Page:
As such, there is a need for a method or mechanism that can provide for a wireless hotspot location to be controlled and monitored through an interface with a wireless telephone network. In addition, there is also a need for a system and method that expand the locations of hotspots and allow for their control and monitoring without changing the network infrastructure of wireless telephone service provider.

SUMMARY OF THE INVENTION

This invention seeks to overcome the drawbacks of the above-described conventional network devices and methods. The present invention is directed to providing for a wireless hotspot location to be controlled and monitored through an interface with a wireless telephone network. In addition, the present invention also provides for systems and methods that expand the locations of hotspots and allow for their control and monitoring without changing the network infrastructure of wireless telephone service provider.

According to one aspect of this invention, a process of controlling and monitoring a wireless hotspot by a wireless service provider is disclosed. Data is received from an access point of a wireless hotspot for wireless portable devices and is translated into wireless network data having a format intelligible by a wireless service provider. The wireless network data is sent to the wireless service provider and wireless service provider data is received from the wireless service provider. The wireless service provider data is translated into access point data having a format intelligible by the access point and the access point data is forwarded to the access point.

Alternatively, the wireless service provider may be a wireless telephone service provider and wireless telephone service provider data is received from the wireless telephone service provider. Also, the wireless telephone service provider may be a cellular telephone service provider. The data received from the access point may be data related to one of a number of users of the wireless hotspot, identifiers for the users of the wireless hotspots, authorization information for the portable devices, the bandwidth used by the portable devices through the access point and types of services utilized by users of the wireless hotspot.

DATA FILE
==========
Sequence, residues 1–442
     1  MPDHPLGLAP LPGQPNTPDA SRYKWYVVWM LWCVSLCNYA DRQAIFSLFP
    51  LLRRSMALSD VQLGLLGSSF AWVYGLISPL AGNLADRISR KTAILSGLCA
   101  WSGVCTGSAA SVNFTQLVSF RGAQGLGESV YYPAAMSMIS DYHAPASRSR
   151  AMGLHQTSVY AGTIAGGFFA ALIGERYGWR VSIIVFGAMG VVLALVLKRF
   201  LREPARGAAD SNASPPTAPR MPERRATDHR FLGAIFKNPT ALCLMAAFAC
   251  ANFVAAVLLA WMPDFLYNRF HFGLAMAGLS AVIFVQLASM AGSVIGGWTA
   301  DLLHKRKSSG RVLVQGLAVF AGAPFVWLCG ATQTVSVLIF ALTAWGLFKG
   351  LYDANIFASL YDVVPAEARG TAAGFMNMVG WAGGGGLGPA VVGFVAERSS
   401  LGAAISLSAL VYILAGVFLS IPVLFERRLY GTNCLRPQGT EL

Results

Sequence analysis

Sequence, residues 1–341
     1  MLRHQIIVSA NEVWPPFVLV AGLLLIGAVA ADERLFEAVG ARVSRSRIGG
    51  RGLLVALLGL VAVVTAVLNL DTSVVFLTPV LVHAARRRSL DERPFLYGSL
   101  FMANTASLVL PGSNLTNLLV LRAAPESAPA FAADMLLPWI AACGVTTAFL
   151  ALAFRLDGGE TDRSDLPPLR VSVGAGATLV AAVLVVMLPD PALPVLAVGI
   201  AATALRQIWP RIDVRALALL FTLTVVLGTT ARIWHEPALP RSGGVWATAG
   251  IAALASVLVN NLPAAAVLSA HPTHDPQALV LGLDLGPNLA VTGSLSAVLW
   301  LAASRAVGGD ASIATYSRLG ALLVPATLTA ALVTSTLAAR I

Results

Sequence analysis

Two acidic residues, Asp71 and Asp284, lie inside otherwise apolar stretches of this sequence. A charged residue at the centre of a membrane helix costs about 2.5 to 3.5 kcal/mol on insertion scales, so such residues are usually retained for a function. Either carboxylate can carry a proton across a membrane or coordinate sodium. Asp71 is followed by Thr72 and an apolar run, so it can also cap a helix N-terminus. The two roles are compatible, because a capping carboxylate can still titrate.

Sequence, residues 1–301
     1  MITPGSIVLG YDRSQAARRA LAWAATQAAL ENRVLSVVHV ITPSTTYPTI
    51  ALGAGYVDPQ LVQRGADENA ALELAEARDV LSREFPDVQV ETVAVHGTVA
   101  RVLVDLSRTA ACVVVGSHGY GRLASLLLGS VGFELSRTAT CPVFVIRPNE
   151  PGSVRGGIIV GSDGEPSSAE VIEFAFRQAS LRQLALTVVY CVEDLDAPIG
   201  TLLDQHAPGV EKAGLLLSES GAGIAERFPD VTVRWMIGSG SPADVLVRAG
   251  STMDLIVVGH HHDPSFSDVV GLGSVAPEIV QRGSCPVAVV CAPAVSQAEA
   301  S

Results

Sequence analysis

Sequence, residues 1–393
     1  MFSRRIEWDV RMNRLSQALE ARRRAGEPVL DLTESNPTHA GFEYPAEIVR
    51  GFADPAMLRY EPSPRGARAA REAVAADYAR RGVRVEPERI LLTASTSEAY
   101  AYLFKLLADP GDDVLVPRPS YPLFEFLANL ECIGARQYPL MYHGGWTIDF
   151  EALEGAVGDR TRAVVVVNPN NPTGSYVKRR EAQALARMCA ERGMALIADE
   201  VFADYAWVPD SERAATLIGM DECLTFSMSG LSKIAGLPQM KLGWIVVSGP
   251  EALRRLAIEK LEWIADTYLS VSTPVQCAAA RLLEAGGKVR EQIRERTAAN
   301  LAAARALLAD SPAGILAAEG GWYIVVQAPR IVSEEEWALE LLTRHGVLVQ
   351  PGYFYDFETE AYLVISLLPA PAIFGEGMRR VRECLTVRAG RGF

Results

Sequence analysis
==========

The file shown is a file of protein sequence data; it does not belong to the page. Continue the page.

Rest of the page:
The process may include the step of sending the wireless network data to the wireless service provider that is related to one of authentication information, usage time information, billing data and disconnection data for users of the wireless hotspot. Also, the data received from the wireless hotspot may be data related to short-range data received by the access point from the portable devices, where that short-range data have a format of one of an IEEE 802.11 format, IEEE 802.15.3 format, an ultra wideband format and a short-range wireless communication standard format.

According to another embodiment of the invention, a system for controlling and monitoring a wireless hotspot by a wireless service provider is disclosed. The system includes first receiving means for receiving data from an access point of a wireless hotspot for wireless portable devices, first translating means for translating the data from the access point into wireless network data having a format intelligible by a wireless service provider and sending means for sending the wireless network data to the wireless service provider. The system also includes second receiving means for receiving wireless service provider data from the wireless service provider, second translating means for translating the wireless service provider data into access point data having a format intelligible by the access point and forwarding means for forwarding the access point data to the access point.